Gone are the days of leaving doors unlocked and not having to worry about securing all electronic belongings. Every year cyber predators get more sophisticated, but one rule still holds true: Most criminals like an easy target. Unfortunately, when it comes to cyber safety, senior citizens are that easy target. Handwritten checks, passwords written on a note taped to your computer, and trusting other online users are all red flags to criminals that they have found their mark. Whether you’re of the older generation or you’re worried about the cyber safety of an older parent, here are some tips to stay ahead of the bad guys and feel more safe and secure…
Guard Your Passwords
Creating a secure password is the first step to keeping your information private. A secure password is a unique, long (at least 8 characters), and personal code that you create. By personal, this does not mean your birthday or any other easily guessed and attained information, but rather something you will remember. A password that includes your favorite high school teacher and the year you graduated is a lot harder for a stranger to figure out than your anniversary. Once you’ve created this unique password, do not write it down to store near the device you are securing. This practice might be easy for your own access, but it could also lead to a breach in your security. Nor should you use the same password over and over again at different websites. If it’s compromised once, then it gives a thief access to everything.
Don’t Trust Every Phone Call
Many scam artists have begun to target senior citizens with phone calls pretending to be someone they are not. The IRS will not call and threaten to throw you in jail for delinquent taxes. Microsoft does not call you because there was a security breach. Companies and governments do not have the time to call individuals to resolve the issues over the phone. Mortgage companies and banks do make you confirm your identity before discussing your account, however, you should only trust that these companies if you called them. Do your research on the company calling before giving away personal information.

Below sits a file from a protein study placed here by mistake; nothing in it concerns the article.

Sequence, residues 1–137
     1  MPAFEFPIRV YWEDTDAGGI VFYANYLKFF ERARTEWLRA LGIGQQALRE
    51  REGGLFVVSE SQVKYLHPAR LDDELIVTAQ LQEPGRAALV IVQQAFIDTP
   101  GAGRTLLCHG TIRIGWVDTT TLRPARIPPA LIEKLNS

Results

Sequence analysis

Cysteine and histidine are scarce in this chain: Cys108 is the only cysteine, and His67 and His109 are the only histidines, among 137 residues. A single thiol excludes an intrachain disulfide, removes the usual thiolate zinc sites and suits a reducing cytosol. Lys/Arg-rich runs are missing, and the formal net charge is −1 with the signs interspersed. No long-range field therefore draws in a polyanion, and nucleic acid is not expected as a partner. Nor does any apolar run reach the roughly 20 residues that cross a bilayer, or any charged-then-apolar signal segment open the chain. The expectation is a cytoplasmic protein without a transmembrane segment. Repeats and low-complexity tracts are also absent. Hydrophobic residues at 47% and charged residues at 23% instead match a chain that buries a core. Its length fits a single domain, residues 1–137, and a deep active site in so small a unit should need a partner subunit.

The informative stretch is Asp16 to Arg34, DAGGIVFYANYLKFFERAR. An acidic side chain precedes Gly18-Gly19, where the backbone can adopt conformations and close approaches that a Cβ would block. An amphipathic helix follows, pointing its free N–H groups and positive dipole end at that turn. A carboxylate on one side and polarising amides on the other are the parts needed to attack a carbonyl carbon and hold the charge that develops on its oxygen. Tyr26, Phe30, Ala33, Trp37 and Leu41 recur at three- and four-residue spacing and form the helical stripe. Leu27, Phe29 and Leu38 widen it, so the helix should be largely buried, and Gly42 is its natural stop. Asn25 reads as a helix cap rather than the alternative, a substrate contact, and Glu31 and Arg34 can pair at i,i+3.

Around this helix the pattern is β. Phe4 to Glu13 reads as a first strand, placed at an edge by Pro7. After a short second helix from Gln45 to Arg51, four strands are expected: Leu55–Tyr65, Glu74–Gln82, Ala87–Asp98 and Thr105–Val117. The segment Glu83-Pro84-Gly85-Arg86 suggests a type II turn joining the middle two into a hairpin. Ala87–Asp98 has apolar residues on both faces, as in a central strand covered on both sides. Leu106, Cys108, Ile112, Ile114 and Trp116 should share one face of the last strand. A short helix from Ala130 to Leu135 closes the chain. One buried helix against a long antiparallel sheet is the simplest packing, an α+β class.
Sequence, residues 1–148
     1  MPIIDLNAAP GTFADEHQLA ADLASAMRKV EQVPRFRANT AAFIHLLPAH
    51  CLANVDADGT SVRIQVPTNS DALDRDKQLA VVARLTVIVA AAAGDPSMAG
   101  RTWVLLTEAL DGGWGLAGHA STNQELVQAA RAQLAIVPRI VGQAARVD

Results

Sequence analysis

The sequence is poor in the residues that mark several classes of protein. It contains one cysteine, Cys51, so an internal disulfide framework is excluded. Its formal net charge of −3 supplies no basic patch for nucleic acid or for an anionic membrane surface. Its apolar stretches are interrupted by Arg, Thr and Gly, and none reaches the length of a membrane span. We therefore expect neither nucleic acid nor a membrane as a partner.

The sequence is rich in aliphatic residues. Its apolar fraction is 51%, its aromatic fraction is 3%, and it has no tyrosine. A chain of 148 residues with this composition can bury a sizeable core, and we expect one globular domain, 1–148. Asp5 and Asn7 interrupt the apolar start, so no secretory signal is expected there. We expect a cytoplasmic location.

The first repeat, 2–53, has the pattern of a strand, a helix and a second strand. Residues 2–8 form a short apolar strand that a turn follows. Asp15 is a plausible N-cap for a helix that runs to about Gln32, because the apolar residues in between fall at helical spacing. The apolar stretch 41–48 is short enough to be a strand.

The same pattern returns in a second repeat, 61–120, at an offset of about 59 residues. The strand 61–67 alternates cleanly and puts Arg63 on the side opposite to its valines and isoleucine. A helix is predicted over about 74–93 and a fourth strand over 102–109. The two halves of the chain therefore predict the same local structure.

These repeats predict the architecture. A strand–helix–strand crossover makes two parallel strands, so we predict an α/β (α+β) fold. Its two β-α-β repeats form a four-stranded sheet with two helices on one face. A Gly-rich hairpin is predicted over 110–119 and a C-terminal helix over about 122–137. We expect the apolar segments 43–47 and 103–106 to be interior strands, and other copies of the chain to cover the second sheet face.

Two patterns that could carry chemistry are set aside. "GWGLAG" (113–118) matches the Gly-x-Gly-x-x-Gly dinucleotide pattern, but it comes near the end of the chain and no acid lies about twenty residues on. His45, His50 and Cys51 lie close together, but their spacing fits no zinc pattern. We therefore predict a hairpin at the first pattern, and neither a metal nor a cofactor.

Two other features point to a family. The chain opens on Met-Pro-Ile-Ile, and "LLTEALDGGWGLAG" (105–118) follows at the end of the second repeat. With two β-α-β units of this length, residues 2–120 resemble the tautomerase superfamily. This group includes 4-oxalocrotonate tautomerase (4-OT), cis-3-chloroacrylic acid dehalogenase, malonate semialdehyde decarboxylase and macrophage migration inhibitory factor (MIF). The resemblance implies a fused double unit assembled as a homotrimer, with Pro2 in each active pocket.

New Home, New Gadgets
Many senior citizens downsize or move to retirement homes as their children grow up and move out. In a previous home, you may have known your neighbors and felt safe and secure. There are no guarantees that your new neighbors will be as trustworthy. The best way to avoid problems is to equip your home with preventative security. Lights set on a timer are a great example! If certain lights turn on even when you’re not home, then a burglar or nosy neighbor will never be able to learn your schedule. Setting up a new WiFi? Make sure to connect one with a secure network. Most phones and devices will remember the password, so only visiting grandchildren will be inconvenienced. And not allowing strangers to access your WiFi will make everything you do online safer!
Sure, they say you can’t teach an old dog new tricks, but personal security is no trick. Changing our habits comes with the changing times, and online or home privacy is no exception. Even if you yourself aren’t a senior citizen, helping a friend, relative or neighbor ensure their security is a great way to practice the habits for yourself. Here’s to longer, happier, and more secure lives for us all!